We see nothing arbitrary, whimsical, or manifestly unreasonable about the district court’s evidentiary ruling here. Local Rule 56.1 plainly authorized the court to sanction Mr. Davis in precisely the fashion it did. Other courts within this circuit employ similar rules, and we have not questioned their application. See, e.g., Taylor v. Pepsi-Cola Co., 196 F.3d 1106, 1108 n.1 (10th Cir. 1999); Mitchael v. Intracorp, Inc., 179 F.3d 847, 856 (10th Cir. 1999); O’Toole ex rel. O’Toole v. Olathe Dist. Sch. Unified Sch. Dist. No. 233, 144 F.3d 692, 709 (10th Cir. 1998); see also Hagelin for President Comm. of Kan. v. Graves, 25 F.3d 956, 959 (10th Cir. 1994) (holding, without citation to local rule, that “[b]ecause [defendant] failed to submit any materials contradicting plaintiffs’ statement of facts in support of their motion for summary judgment, these facts are deemed admitted”). Furthermore, other circuits have held that a party who fails to respond to a summary judgment motion waives the right to contest the facts asserted by the moving party in the motion. See Anchorage Assocs. v. Virgin Islands Bd. of Tax Review, 922 F.2d 168, 175-76 (3d Cir. 1990); Jaroma v. Massey, 873 F.2d 17, 20, 21 (1st Cir. 1989). We conclude that the district court did not abuse its discretion in deeming the facts contained in Simon’s motion admitted.

D. The District Court’s Grant of Summary Judgment

We turn now to the grant of summary judgment itself. While its implications are no doubt dire for an opposing party, a district court’s decision to deem facts admitted is not the same thing as granting summary judgment. See Mitchael, 179 F.3d at 856 (recognizing distinction under Rule 56). The district court must still determine, as the rule requires, “that there is no genuine issue as to any material fact and that the moving party is entitled to judgment as a matter of law.” Fed. R. Civ. P. 56(c). “If those facts entitle the moving party to judgment as a matter of law, summary judgment will be granted.” Jaroma, 873 F.2d at 21.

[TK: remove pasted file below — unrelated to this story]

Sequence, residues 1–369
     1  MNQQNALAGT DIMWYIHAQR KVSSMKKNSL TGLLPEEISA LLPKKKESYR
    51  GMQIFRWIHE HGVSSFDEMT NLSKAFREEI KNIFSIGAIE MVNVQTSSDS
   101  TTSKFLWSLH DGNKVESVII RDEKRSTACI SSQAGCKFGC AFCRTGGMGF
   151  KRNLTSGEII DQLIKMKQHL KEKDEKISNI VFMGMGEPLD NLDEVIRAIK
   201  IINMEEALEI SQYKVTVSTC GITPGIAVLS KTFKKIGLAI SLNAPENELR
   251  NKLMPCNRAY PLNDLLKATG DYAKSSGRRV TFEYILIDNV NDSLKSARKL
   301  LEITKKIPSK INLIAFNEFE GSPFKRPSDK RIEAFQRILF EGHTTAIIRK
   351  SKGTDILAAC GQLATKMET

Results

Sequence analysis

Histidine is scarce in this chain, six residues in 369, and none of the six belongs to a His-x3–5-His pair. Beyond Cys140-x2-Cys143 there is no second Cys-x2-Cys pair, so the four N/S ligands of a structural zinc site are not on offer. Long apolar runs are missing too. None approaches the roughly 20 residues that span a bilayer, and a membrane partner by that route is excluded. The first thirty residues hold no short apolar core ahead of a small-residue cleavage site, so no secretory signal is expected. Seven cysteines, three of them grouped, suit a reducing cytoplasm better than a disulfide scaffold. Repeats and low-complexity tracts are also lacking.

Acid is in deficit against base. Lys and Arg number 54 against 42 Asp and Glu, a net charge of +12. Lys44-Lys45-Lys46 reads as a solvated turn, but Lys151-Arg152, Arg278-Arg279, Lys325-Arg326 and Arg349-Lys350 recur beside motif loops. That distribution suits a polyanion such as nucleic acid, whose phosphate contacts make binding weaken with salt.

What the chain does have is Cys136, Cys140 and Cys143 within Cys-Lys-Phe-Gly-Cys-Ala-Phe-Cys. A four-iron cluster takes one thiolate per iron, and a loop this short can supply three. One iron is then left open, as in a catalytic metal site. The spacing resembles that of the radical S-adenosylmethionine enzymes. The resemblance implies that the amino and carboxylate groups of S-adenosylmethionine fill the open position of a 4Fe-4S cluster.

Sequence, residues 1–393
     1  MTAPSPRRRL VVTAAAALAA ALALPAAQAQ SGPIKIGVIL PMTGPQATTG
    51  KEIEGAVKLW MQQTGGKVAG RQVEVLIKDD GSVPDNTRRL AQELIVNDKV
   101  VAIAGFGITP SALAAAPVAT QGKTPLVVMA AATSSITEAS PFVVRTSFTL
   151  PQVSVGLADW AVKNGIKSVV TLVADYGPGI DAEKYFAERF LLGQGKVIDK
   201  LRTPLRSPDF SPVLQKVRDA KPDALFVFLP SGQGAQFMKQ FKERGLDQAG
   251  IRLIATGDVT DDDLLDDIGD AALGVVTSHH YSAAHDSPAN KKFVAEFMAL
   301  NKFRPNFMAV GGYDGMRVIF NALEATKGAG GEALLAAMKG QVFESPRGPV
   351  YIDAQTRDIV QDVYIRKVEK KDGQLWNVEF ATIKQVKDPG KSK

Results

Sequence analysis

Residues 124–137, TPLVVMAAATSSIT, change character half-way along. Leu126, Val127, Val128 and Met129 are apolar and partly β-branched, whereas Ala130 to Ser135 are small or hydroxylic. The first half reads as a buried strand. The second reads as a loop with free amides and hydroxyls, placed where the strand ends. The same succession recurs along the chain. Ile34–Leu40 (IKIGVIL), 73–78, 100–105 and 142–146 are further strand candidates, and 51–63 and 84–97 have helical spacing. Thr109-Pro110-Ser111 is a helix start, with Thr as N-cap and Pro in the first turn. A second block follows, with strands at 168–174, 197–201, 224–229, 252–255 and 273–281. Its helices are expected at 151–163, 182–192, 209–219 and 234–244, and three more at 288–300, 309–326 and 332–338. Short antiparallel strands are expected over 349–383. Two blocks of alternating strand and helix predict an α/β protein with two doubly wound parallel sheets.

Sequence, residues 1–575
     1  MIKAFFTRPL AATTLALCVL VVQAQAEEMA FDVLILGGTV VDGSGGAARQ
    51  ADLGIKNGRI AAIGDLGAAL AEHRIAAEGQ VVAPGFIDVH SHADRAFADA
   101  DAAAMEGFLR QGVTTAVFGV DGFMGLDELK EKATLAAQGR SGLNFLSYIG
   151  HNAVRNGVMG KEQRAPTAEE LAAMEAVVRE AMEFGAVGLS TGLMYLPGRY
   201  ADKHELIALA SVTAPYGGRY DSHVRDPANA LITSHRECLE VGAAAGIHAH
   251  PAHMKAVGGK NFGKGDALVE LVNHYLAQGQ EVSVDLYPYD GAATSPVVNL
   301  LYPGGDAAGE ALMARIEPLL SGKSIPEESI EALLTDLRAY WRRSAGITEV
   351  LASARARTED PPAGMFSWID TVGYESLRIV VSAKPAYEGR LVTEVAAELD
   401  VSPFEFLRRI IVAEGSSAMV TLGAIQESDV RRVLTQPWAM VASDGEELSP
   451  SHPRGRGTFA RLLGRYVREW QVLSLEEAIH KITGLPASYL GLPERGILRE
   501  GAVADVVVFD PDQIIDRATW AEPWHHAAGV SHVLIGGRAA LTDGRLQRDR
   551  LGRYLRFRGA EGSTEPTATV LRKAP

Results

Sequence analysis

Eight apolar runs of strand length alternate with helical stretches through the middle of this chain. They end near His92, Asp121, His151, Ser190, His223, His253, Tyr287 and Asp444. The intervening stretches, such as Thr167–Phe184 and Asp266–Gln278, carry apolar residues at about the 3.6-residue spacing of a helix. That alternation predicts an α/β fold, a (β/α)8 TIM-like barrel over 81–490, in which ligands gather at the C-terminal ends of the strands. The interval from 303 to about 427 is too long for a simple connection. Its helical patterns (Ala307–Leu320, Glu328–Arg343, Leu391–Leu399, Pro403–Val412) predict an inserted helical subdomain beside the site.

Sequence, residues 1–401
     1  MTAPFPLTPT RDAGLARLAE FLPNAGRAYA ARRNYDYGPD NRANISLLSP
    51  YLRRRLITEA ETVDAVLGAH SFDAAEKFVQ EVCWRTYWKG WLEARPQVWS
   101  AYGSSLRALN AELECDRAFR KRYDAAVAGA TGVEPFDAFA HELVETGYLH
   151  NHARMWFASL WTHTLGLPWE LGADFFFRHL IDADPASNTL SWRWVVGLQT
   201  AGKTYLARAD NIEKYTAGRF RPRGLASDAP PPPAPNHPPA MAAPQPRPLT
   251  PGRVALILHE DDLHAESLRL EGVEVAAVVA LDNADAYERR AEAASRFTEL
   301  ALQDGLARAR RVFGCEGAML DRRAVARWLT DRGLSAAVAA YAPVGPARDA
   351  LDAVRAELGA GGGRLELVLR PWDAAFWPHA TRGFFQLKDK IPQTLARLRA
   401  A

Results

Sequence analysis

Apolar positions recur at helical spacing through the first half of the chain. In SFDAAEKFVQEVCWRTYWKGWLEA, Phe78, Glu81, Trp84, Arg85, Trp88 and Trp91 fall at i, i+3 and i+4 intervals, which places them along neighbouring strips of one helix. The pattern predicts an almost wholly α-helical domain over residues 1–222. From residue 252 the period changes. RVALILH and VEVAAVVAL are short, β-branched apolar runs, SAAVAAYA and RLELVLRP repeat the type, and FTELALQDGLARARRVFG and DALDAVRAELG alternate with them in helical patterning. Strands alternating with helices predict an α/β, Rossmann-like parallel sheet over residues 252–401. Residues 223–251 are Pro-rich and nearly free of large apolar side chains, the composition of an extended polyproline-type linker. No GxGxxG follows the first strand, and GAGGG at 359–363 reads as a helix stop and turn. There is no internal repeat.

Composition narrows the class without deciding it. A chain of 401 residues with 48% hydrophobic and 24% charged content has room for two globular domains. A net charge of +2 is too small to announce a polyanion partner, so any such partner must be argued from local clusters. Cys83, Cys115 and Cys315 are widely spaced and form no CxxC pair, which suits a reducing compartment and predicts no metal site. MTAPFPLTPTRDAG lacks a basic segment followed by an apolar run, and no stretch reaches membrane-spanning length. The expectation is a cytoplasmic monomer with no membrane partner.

Here, immediately after declaring that it would accept Simon’s statement of facts, the district court granted summary judgment against Mr. Davis. It did so without offering the legal analysis required by Rule 56(c). However, Mr. Davis has not challenged this aspect of the court’s ruling on appeal. He has therefore waived any objection to the legal basis for the court’s ruling. State Farm Fire & Cas. Co. v. Mhoon, 31 F.3d 979, 984 n.7 (10th Cir. 1994).

E. An Alternate Interpretation of the District Court’s Ruling

We acknowledge that the sanction imposed by the district court could be interpreted differently.

It is possible to construe it not as an admission of facts but rather as a confession of summary judgment itself. Although the district court was careful to deem Simon’s statement of facts admitted before it granted summary judgment, the court also stated, earlier in its order, that “[c]onfessing a motion for summary judgment is a harsh remedy.” Rec. Doc. 25, at 2. This interpretation is bolstered somewhat by the court’s failure to conduct any legal analysis in support of its grant of summary judgment. It is further bolstered in light of the motion that was before the court, and which arguably the court granted: Simon sought confession of summary judgment under a local rule specifically authorizing such a remedy as a sanction for a party’s failure-to-respond.

Even so, were we to accept such an interpretation we would still affirm the district court’s ruling. The severe sanction of dismissal may, under certain circumstances, be an appropriate remedy where a party fails to oppose a summary judgment motion. D G Shelter Products Co. v. Forest Products Co., 769 F.2d 644, 645 (10th Cir. 1985). Reviewed under an abuse of discretion standard, we have focused on three considerations in determining whether such a sanction is improper: (1) the extent of actual prejudice to the moving party; (2) the amount of interference with the judicial process; and (3) the culpability of the party failing to respond. Hancock v. City of Okla. City, 857 F.2d 1394, 1396 (10th Cir. 1988). If these aggravating factors outweigh the courts’ “strong predisposition to resolve cases on their merits,” dismissal with prejudice is an appropriate sanction. Id.